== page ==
Becoming Weekday Christians
Most churches, including College Avenue, are good at Sunday mornings. We sing uplifting hymns and praise songs. We hear a hopeful message. We smile. We shake hands. We talk about grace and blessings. That’s an important part of our lives.
Rev. Emily Heath suggests that when many of us leave on Sunday, we step into a very different world. It’s a world filled with sickness, grief, divorce, addiction, and loss. It’s a world of feeling depressed, heart-broken, betrayed, alone, and wrestling with doubt. If you only come to church on Palm Sunday and Easter, you might think we, as a church, know little about those weekday struggles.
But if you walk the entire Holy Week journey with us this year, from Palm Sunday on April 9 to Maundy Thursday on April 13 to Good Friday on April 14 to Easter Sunday on April 16, then you’ll find a God who knows what suffering is like. The most authentic part of Holy Week isn’t the palms or the beautiful flowers, it’s what happens in between. It’s Jesus having a final meal with his disciples before being betrayed by one he loved. It’s Jesus in the garden alone, struggling with what he wanted to do and what he had to do. It’s Jesus on the cross, crying out to a God who doesn’t seem to answer.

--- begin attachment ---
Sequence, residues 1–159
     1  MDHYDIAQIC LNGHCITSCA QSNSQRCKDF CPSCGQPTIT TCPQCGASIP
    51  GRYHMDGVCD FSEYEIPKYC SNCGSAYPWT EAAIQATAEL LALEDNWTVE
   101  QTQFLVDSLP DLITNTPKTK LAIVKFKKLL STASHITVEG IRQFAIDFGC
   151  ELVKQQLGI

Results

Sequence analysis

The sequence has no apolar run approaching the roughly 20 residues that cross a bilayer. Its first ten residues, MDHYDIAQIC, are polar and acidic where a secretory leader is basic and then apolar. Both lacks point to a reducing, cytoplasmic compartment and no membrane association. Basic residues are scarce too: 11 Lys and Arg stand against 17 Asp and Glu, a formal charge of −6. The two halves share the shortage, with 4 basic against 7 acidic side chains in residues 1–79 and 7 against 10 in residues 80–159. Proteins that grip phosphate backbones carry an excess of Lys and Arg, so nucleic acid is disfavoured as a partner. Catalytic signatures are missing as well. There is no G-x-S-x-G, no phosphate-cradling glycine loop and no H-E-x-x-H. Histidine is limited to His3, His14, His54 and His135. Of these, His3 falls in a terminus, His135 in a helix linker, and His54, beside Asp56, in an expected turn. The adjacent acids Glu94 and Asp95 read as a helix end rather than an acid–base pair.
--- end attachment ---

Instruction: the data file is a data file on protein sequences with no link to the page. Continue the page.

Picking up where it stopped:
Only when we walk the entire Holy Week journey together do we sense the true power of his resurrection. I worry sometimes that we’ve become Sunday Christians, forgetting what happened to Jesus and what happens in our own lives during the week. We have the capacity to be weekday people – to walk the path with Jesus and with others who struggle. I hope you’ll join us, not just this year, but all the years to come.